Pumped Up

Joseph Wright's An Experiment on a Bird in the Air Pump (1768) housed at the National Gallery, London. (Wikimedia Commons)

Joseph Wright’s An Experiment on a Bird in the Air Pump (1768) housed at the National Gallery, London. (Wikimedia Commons)

In the 17th century the newly invented air pump was used to discover fundamental facts about nature. (CHF Collections/Gregory Tobias)

In the mid-17th century Robert Boyle, with the help of Robert Hooke, set about building an air pump and with it a whole system of experimental natural philosophy. Boyle’s air pump, or vacuum chamber, created a space for experimentation on air, and it became the expensive centerpiece of a new scientific organization, the Royal Society of London. New Experiments Physico-Mechanical, Touching the Spring of the Air and Its Effects (1660) described the experiments and Boyle’s attempts to understand the nature of air, its effects on animals and respiration, and the relationship between the pressure (“spring of the air”) and volume of gas in a closed system.

Two hundred years later, air pumps still played an important role in science, but that role had changed. In the 1851 Great Exhibition at the Crystal Palace in London’s Hyde Park—a world’s fair of sorts—there were nine British exhibitors of air pumps, as well as two exhibitors from France and one from Denmark. Why? Spectacle.

Nineteenth-century air pumps made their home among other scientific instruments used to entertain, including Leyden jars, hydroelectric machines, galvanic piles, and magic lanterns. Large crowds would gather for magic-lantern shows and thrilling electrical displays meant to showcase the power of nature. Scientists of that time were often masterful performers. Humphry Davy and Michael Faraday, among others, cultivated their abilities as entertainers, enchanting crowds while increasing their own scientific fame.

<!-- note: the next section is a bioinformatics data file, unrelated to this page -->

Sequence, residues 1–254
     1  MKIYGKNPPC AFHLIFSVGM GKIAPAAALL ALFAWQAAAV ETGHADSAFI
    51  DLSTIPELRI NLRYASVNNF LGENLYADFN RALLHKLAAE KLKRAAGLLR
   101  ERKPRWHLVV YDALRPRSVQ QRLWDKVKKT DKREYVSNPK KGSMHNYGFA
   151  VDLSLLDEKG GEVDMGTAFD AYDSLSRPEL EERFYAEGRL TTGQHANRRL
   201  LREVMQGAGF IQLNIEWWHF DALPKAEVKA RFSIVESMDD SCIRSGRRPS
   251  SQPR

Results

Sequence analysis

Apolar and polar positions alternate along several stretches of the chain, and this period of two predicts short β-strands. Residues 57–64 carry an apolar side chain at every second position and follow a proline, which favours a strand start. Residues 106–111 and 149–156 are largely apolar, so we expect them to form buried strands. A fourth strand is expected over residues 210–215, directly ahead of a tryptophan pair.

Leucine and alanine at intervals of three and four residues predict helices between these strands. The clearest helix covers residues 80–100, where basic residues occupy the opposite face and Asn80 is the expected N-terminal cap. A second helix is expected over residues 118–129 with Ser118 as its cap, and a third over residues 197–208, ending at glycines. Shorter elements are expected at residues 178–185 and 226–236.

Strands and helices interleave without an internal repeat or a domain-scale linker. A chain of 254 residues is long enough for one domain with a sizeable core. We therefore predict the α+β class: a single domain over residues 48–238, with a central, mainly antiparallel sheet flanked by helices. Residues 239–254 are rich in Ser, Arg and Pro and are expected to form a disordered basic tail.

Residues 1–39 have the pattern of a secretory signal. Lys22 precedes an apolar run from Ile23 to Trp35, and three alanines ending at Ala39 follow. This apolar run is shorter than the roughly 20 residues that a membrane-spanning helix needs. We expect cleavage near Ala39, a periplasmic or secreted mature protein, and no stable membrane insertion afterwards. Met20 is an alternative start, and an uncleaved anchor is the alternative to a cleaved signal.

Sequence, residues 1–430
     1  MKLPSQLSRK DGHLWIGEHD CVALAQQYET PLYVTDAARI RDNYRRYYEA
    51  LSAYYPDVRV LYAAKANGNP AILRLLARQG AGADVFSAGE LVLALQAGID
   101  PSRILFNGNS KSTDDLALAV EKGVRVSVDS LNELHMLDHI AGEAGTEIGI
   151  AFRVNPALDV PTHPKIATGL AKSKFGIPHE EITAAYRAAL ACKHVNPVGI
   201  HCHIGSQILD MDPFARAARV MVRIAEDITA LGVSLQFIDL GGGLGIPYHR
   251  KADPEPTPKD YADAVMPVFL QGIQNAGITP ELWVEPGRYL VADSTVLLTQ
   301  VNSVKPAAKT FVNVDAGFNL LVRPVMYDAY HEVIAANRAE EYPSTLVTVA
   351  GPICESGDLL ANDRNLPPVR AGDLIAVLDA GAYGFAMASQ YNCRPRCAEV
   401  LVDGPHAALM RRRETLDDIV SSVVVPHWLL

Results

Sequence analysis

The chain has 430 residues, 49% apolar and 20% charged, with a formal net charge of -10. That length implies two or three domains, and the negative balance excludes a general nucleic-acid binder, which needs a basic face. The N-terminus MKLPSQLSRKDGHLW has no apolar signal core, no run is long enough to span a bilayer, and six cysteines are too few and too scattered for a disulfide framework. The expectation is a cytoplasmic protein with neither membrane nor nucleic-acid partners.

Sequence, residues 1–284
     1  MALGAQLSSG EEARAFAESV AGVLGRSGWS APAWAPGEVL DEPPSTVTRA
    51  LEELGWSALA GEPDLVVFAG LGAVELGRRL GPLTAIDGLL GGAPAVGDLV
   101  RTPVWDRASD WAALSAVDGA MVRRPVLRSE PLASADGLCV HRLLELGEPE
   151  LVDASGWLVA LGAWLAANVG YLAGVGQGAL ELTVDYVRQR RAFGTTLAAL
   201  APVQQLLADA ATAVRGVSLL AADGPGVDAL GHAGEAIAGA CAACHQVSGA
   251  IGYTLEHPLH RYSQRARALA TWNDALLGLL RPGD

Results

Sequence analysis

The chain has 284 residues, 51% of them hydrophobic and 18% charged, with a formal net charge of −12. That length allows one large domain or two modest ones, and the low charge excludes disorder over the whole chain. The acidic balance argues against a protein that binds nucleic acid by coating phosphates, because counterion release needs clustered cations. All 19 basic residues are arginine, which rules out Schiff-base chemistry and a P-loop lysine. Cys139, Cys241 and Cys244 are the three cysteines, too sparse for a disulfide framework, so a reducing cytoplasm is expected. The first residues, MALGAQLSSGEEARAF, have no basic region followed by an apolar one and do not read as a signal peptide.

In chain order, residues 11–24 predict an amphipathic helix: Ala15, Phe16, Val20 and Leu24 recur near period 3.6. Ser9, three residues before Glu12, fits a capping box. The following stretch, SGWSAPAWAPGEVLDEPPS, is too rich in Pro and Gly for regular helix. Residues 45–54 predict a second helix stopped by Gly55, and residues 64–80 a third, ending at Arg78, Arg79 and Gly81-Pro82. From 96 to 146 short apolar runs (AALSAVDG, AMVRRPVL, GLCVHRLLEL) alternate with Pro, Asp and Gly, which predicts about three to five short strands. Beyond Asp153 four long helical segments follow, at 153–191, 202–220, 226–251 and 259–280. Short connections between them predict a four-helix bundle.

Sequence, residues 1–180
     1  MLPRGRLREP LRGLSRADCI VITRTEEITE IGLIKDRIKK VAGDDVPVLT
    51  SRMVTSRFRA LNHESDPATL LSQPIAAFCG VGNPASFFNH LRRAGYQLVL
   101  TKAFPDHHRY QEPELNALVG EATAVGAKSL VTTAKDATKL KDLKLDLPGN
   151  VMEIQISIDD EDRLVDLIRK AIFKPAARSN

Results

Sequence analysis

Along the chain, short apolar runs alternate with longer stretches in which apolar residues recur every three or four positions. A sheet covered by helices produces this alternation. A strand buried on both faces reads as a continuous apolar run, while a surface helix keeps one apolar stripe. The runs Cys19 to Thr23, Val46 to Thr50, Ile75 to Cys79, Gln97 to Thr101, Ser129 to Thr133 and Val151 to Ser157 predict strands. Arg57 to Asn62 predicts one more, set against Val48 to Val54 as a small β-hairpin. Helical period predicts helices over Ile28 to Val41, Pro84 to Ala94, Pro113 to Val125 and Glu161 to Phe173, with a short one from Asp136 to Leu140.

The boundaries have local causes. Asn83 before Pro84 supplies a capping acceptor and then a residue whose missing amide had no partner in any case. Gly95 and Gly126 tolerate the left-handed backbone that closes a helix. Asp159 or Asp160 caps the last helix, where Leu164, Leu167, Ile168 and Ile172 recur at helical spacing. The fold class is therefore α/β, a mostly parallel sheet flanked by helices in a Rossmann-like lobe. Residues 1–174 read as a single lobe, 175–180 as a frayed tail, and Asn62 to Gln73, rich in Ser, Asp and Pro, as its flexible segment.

The air pump in the Museum at CHF was made for this sort of public exhibition—as the name of its manufacturer, Franklin Educational Company, might suggest. The manufacturer even offered accessories, like a bell to be rung in the evacuated chamber to show that without air, it would make no sound. Such knowledge was not being tested anew; the results were predictable and were displayed for an audience’s entertainment.

There might seem a great distance between Boyle’s experimental use of the air pump in front of a small audience of like-minded natural philosophers in Oxford and the widespread public, educational uses of air pumps around the world, but they are of the same tradition. Boyle and his air pump helped change early modern science by insisting on the importance of using the senses and of witnessing nature. And for those who were not there to see for themselves, Boyle’s writing reflected painstakingly (and sometimes painfully) detailed accounts of these experiments. By the 19th century talented performers used more affordable models of the air pump to achieve the same end, bringing the sensory experiences of science to broader audiences. While nature may abhor vacuums, 19th-century audiences loved them.